There’s something about McCarthy’s “sensitive” schtick that has always kind of turned me off a little bit, even as I thought he was kind of cute in an East Coast sort of way. I really do like him better as a writer. Brat: An 80s Story has some candid, self-deprecating moments in it that are endearing and relatable. He never comes off as cocky. Instead, it’s almost like he can’t believe the surreal circumstances that put him where he is today. He really has had some extraordinary experiences. He was actually in Germany at the Berlin Wall when it fell, and was recognized by a German soldier for being in the movie Heaven Help Us (known as Catholic Boys in Europe, where it was very successful). He also made friends with Claude Chabrol, a legendary French director who gave him the sage advice– “What is true today may not be true tomorrow”.
McCarthy comes across as someone who’s real, and I liked his anecdotes about what life as a star was like for him in his heyday. It sounds like he’s a lot happier and more grounded now, since he’s branched into writing. And he definitely dispels the myth of the “Brat Pack”. Even though it seemed like that cohort of actors were all buddies who did everything together, the truth is, the Brat Pack never really existed as anything more than a concept put out by a journalist who happened to hang out with Rob Lowe, Judd Nelson, and Emilio Estevez one raucous night. After the filming stopped, so did the relationships. Andrew says he’s never seen Judd or Emilio again in the years since St. Elmo’s Fire, and he’s only run into the other actors sporadically.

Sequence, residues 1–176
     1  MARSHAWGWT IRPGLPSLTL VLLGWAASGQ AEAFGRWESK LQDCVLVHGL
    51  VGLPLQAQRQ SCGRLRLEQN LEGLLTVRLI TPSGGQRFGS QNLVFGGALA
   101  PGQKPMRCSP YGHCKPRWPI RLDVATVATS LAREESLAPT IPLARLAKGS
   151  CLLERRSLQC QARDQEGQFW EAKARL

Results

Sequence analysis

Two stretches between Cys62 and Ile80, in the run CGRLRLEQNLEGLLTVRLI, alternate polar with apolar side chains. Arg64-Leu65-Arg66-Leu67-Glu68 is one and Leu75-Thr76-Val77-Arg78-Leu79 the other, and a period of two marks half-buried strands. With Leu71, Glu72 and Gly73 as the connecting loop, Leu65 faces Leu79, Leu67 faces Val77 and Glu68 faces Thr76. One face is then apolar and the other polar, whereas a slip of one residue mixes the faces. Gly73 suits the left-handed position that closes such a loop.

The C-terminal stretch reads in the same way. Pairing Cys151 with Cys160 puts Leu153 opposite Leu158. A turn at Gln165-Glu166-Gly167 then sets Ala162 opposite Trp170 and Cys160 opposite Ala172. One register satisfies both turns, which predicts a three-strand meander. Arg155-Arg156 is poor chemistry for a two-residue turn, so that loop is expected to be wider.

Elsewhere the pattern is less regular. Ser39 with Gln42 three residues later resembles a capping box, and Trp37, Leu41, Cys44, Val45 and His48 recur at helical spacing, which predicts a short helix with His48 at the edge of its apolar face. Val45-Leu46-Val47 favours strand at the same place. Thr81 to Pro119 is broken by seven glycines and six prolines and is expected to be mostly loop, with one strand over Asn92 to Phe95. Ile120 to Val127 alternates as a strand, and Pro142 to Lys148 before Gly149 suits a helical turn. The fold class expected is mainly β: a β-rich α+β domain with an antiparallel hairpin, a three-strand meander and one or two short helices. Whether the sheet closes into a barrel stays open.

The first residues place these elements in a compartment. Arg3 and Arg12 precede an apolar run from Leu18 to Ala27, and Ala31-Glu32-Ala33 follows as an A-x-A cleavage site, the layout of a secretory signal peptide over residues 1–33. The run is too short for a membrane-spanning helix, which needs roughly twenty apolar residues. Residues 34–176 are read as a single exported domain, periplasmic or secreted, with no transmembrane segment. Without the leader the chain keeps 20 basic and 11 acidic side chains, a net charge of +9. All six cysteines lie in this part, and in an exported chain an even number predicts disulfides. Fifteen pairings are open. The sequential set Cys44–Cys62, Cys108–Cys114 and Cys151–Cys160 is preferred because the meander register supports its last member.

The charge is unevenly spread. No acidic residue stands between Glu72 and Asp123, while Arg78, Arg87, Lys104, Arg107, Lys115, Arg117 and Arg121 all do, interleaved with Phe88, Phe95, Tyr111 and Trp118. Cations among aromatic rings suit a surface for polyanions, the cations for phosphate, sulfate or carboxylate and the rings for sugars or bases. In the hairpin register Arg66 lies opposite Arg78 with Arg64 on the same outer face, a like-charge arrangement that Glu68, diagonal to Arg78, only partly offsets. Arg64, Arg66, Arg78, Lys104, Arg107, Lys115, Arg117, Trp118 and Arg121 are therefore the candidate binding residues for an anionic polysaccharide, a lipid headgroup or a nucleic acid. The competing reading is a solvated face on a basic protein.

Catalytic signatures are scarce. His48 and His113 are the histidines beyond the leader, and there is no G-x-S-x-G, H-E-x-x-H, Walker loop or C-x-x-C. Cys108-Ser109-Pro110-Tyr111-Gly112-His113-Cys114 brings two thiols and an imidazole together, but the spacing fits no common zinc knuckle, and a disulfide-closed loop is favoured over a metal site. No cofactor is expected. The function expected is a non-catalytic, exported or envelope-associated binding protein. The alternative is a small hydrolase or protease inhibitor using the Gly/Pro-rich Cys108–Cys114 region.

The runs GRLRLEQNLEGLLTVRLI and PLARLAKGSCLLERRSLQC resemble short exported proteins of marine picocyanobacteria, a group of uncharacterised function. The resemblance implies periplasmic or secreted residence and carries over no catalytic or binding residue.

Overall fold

In some ways, Brat: An 80s Story also reminds me a little bit of Justine Bateman’s book, Fame, in which she describes how “reality” was hijacked by becoming a famous 80s era actress. Much of what McCarthy writes about his experiences during that era echo Justine Bateman’s experiences as a famous sitcom star who grew up on TV. But I think I enjoyed McCarthy’s book more than I did Bateman’s. He has a gift for storytelling, making it seem more as if he’s a friend sharing a tale in a room, rather than a celebrity. He also includes photos, including an adorable one of him as a child, riding a bike.
I enjoyed this book very much and would recommend it to those who want to know more about Andrew McCarthy’s acting career, as well as a few tidbits about show business itself. However, for those hoping for a dishy tell all, it might be a disappointment. Personally, I liked Brat: An 80s Story. I appreciated the look at McCarthy’s past and how he’s become the person he is today. I think he did a good job marrying the juicy Hollywood dishing with insights about who he is as a person. If that sounds good to you, I recommend reading Andrew McCarthy’s book, Brat: An 80s Tale.